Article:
The NOAA B-WET program is an environmental education program that promotes locally relevant, authentic experiential learning focused on K–12 students and educators. B-WET funding is provided through competitive grants that promote Meaningful Watershed Educational Experiences (MWEEs). MWEEs are multi-stage activities that include learning both outdoors and in the classroom, and aim to increase the environmental literacy of all participants. These activities leverage local STEM assets and STEM professionals. NOAA funding is provided to support student investigation of environmental topics and related professional development for educators. Students identify actions to address these issues and understand the value of those actions.
B-WET serves seven regions of the country: parts of California, Chesapeake Bay, Great Lakes, Gulf of Mexico, Hawaii, New England, and the Pacific Northwest. This regional approach allows the B-WET program to support grantee capacity building and respond to local education and environmental priorities.
2018 program impacts
- B-WET supported 159 institutions bringing locally relevant, authentic experiential environmental learning to K-12 audiences, supported by local STEM assets and STEM professionals and impacting a total of 25 states.
- Approximately 2,500 educators received professional development to enhance their skills and confidence in using environmental education and MWEEs to address multiple subjects’ curriculum standards and local education agency initiatives.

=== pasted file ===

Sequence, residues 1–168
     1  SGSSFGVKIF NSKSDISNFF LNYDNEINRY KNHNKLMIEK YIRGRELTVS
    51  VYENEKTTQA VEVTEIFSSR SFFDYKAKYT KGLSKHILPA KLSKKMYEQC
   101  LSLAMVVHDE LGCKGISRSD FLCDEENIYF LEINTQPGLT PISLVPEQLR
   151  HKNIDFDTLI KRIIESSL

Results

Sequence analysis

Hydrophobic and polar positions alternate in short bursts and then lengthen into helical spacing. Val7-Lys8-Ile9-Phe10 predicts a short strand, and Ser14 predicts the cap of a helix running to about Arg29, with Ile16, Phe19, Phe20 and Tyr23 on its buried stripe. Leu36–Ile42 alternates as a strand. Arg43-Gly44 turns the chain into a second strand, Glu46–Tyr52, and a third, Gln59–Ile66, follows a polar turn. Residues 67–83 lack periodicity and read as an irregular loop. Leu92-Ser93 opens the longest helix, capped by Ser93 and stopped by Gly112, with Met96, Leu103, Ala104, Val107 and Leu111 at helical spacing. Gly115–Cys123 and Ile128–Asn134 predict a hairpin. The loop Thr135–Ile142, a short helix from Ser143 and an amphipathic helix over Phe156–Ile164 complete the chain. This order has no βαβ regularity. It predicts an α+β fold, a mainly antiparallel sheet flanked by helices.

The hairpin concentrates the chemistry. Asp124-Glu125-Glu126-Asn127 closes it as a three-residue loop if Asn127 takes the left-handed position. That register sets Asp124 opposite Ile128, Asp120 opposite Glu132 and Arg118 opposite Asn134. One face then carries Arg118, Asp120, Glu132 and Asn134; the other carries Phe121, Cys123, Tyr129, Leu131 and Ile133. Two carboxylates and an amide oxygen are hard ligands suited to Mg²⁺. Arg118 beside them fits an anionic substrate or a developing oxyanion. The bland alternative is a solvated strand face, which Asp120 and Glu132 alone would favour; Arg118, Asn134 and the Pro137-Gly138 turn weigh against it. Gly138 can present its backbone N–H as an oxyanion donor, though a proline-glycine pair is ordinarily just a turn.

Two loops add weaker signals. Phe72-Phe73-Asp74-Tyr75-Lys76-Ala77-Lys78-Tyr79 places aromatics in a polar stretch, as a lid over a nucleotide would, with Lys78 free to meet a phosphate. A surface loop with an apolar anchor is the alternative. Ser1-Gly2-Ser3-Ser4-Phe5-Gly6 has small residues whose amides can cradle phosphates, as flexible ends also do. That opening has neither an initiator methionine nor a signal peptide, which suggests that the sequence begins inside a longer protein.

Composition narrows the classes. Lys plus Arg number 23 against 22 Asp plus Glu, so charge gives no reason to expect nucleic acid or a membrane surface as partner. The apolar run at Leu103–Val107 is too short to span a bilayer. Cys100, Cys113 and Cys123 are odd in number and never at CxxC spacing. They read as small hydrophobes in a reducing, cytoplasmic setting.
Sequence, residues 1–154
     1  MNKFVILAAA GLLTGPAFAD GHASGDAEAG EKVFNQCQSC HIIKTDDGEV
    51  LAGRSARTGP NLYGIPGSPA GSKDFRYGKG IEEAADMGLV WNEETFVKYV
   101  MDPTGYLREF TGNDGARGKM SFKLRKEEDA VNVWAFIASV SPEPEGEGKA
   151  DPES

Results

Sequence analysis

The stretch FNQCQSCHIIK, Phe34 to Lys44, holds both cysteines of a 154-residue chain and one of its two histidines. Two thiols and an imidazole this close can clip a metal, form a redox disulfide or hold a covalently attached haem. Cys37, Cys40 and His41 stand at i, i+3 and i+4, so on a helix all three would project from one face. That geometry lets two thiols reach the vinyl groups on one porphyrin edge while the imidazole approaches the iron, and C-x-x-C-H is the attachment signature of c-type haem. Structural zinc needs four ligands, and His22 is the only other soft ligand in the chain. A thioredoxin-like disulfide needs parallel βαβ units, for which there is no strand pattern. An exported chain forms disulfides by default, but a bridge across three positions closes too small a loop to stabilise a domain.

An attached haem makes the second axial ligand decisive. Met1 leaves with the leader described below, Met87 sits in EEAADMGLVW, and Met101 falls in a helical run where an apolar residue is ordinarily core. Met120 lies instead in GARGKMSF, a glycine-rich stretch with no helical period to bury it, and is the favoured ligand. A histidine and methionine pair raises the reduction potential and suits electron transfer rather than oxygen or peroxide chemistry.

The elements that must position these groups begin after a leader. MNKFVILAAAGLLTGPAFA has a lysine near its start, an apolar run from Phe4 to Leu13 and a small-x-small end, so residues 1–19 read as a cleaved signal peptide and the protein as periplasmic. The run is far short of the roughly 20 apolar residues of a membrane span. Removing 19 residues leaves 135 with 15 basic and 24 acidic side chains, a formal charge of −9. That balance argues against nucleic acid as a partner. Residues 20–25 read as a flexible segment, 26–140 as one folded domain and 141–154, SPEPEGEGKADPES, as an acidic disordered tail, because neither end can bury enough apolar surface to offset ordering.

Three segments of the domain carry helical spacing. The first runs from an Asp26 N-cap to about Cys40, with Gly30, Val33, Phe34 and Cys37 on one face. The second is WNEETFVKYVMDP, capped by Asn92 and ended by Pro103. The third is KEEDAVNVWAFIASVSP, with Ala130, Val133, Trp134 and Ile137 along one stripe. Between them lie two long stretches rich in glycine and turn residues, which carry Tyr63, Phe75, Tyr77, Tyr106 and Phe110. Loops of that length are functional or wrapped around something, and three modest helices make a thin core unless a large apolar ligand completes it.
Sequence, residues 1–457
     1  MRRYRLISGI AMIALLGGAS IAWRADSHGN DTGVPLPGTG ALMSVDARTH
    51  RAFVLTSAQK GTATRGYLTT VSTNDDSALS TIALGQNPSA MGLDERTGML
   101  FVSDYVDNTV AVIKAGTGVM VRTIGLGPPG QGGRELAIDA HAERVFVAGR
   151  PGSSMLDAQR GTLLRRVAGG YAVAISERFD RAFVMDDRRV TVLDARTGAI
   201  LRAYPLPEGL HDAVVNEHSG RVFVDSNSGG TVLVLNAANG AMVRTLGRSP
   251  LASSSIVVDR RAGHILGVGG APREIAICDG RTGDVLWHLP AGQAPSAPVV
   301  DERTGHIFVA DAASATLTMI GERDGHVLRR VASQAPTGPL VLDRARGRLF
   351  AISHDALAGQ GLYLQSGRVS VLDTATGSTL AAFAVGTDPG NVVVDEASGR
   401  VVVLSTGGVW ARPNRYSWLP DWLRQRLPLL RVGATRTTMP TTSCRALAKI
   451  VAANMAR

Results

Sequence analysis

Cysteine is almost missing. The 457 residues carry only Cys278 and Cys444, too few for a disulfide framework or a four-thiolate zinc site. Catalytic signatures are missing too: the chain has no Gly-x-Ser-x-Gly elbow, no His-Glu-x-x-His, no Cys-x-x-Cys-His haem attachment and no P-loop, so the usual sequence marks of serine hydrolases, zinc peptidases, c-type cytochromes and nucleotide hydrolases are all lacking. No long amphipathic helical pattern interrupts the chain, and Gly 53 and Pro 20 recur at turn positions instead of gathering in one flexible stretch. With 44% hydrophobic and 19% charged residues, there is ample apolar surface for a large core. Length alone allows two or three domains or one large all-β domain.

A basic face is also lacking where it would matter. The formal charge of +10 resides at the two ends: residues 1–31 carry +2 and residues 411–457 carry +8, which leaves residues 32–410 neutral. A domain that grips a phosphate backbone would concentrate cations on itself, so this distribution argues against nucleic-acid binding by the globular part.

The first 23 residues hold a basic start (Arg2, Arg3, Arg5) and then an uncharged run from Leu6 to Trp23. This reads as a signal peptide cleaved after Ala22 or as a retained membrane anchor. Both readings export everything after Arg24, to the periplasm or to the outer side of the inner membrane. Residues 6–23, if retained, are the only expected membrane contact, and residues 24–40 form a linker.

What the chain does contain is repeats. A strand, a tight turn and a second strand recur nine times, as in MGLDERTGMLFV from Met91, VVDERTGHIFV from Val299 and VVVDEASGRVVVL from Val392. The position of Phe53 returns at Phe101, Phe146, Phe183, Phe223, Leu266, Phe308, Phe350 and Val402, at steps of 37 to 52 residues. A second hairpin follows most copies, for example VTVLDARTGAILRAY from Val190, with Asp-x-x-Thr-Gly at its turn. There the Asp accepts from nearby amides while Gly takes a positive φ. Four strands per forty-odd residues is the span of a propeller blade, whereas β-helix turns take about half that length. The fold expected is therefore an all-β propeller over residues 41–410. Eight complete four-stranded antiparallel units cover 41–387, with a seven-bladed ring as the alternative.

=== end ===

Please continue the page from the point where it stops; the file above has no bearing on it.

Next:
- An estimated 70,000 students participated in multi-stage, inquiry-based activities that include learning both in the classroom and outdoors in a local context.
Since 2002, NOAA has awarded over $90 million to support more than 700 B-WET projects. Activities supported with 2018 funds included:
- Students and teachers engaging with community partners to learn about Great Lakes fisheries and watershed stewardship opportunities aligned with their school improvement and learning goals.
- Students at four Title 1 schools directly contributing to a statewide effort to monitor rocky intertidal and sandy beach habitats of California’s national marine sanctuaries through LiMPETSoffsite link.
- Fourth-grade students being taught the basics of salmon and stream ecology and restoring critical salmon habitat in Whatcom County to help improve the health of the Salish Sea.
Evaluation and advancing the field
B-WET uses evaluation and evidence based practices to improve and refine the core B-WET experience, the MWEE. The MWEE is based on research literature, evaluation results, and lessons learned over a decade of program implementation. The B-WET national evaluation system, which began data collection in 2014, enables the program to monitor and modify activities as a result of new information about best practices, and to support grantees in implementing those practices.
B-WET is a leader in evaluation. The National Research Council highlighted B-WET in their 2010 reportoffsite link on NOAA Education as “the most rigorous evaluation design employed among the NOAA evaluation programs.” This recognition was in reference to an evaluation of the Chesapeake B-WET program in 2007 that demonstrated tangible links between students’ participation in B-WET-funded MWEEs and an increase in their environmental stewardship and literacy.